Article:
It’s almost 56 years to the day since The Who’s Keith Moon was reputed to have driven a Rolls-Royce into a swimming pool — on his 21st birthday, 23 August 1967, at the Holiday Inn in Flint, Michigan. For reasons that are self-evident, memories of the event are hazy and varied.
Moon told Rolling Stone magazine in 1972 that on reflection “it might have been a Lincoln Continental”. His bandmate Roger Daltry lamented the bill for $50,000 of damages that followed regardless of make and model, while John Entwistle denied any of it ever happened. “He couldn’t even drive.”
Broadly, it matters not. It’s rock’n’roll legend now, further immortalised 30 years later by the 1997 Oasis Be Here Now album cover. Like the death of Paul McCartney years ago or the moon landings, maybe it happened, maybe it didn’t.
What is certain, in my life and times, is that standing on the terrace of the fabulous Maybourne Riviera hotel in Roquebrune-Cap- Martin, looking down on Monaco and Monte Carlo, and confronted with the all-new Rolls-Royce Phantom Series II, we are — to misquote Jaws’ Roy Scheider — going to need a bigger pool. In hyper-luxury extended wheelbase form, the Phantom is almost six metres long, more than two metres wide and almost 1.7 metres tall. That’s a hell of a displacement.
Here’s the thing, though. Such is the epic scale of everything in, on and within this leviathan, the sheer size of the machine confers not only heft but status and presence, too. Size really does matter, and if — as Rolls-Royce often have — you want to lay claim to being “the best car in the world” then you better go big, or go home. And this Phantom menaces, with slim headlights sporting intricate laser- cut bezel starlights either side of the famed Pantheon Grille, in a way no other car can.
Having been handed the keys to a car in “extrovert” specification — sparkling purple paintwork and all — and pointed in the direction of the villages-perchés that dot the mountains behind Nice, it takes just a few miles riding those enormous wheels (sister cars sport the most delicious disc wheels that echo cars of the 20s) to realise this is something special, a car of absolutes.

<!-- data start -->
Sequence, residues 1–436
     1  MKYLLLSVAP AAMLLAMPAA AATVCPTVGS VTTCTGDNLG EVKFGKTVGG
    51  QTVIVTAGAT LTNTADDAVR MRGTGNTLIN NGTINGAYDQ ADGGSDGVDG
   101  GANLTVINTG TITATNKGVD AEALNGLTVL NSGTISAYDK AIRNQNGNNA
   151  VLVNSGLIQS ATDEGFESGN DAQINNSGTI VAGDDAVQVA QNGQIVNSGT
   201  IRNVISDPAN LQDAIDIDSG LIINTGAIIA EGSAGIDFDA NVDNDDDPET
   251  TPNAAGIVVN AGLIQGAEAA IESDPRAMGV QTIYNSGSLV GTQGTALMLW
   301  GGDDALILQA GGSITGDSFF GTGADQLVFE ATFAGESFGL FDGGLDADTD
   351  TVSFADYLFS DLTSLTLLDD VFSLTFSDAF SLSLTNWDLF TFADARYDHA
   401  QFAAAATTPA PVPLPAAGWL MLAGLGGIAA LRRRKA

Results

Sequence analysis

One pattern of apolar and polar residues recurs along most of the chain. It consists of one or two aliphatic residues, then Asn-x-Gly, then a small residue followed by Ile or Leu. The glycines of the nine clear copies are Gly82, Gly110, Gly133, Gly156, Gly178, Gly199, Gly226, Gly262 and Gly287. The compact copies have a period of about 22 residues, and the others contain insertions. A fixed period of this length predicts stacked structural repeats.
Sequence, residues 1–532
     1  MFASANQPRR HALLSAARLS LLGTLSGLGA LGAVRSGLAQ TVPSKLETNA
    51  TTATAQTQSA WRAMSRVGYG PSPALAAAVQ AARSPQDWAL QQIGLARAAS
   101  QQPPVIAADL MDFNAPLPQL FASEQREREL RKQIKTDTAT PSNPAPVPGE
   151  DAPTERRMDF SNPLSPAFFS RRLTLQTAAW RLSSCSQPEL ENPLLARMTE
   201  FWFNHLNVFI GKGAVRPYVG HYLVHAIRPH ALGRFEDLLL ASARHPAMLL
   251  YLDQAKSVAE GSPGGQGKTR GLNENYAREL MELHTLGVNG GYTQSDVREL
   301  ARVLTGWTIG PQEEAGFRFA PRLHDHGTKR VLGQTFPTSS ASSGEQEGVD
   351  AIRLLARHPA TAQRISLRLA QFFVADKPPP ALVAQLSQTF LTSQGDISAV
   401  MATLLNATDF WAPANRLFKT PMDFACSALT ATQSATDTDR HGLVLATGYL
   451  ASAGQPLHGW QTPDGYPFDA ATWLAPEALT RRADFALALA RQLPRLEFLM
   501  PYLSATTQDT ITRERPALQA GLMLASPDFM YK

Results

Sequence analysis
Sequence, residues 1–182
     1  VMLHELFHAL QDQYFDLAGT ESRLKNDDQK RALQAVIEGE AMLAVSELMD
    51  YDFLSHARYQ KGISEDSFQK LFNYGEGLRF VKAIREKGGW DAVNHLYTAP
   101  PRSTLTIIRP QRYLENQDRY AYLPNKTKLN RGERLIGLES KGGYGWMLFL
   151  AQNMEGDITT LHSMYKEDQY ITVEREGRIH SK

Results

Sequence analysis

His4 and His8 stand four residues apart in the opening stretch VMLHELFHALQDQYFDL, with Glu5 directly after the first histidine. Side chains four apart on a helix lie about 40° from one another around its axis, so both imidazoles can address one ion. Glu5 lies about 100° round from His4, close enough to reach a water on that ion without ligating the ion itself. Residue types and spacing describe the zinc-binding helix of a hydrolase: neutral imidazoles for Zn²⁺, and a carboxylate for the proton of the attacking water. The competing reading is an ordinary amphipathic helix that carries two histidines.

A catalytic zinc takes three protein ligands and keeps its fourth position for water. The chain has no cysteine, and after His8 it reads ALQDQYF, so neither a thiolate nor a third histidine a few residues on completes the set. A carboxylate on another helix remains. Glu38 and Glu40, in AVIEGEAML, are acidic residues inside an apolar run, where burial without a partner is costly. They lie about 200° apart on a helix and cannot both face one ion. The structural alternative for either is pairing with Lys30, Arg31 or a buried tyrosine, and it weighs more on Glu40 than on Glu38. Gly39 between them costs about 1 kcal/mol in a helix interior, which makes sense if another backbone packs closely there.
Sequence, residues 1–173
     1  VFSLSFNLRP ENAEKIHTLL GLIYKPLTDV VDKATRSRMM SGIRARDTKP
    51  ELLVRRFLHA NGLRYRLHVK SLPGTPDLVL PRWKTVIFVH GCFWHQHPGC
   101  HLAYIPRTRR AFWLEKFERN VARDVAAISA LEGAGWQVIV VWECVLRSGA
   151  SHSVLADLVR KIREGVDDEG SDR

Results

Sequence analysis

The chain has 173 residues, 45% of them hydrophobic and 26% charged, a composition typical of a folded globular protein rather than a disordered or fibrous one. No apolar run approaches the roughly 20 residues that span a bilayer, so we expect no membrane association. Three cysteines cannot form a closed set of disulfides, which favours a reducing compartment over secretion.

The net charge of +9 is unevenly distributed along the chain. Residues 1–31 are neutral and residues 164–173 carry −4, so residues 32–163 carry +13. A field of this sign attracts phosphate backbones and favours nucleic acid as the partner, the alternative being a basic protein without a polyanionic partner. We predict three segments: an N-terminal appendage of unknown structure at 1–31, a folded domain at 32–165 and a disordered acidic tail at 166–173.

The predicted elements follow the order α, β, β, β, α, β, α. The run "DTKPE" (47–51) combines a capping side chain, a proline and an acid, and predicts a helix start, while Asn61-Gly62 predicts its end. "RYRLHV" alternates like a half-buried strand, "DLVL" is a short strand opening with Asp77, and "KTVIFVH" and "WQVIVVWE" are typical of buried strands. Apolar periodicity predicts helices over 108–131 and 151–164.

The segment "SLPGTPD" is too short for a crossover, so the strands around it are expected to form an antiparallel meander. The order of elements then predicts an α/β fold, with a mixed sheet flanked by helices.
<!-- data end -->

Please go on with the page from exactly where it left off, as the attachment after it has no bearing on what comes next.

First, even on broken roads at a decent pace there is nigh absolute silence within a cabin so insulated from the outside world it could be vacuum-sealed. Decades of work in terms of mechanical refinement has its payback and, coupled with a ride quality that feels more like flight than conventional forward motion, it’s a haven far from the madding crowd.
Second, it’s not just the quality of what’s around you that so impresses, but the sheer detail
of thought and execution: a starlight headlining that replicates the night sky, a dashboard that functions as an art gallery, the tactile pleasure of a thin-rimmed steering wheel (just made thicker, but still thin by the standards of others), a column shift gearchange that declutters the cabin but feels gloriously of yesteryear.
And all about is hewn from the finest materials: leathers and wood veneers of varying shades as standard (or silks and more exotic materials should you go bespoke), chrome with smoky reflections 10 feet deep, switchgear cast as solid ingots and rugs deep enough in which to lose a small child. This is a very special way to travel.
To the extent I realise, while lunching atop what used to be a diving board in Nice’s old port (as you do) and looking down at half-a- dozen Phantoms lined up kerbside (an unusual sight), this ultimate expression of Rolls-Royce is also — essentially — the ultimate car.
The alternatives aren’t other cars, but jets, yachts, or a third home, in Tuscany. With a pool, obviously. Just in case.
Rolls-Royce Phantom Series II
0-60mph in 5.1secs
For more information, visit rolls-roycemotorcars.com.
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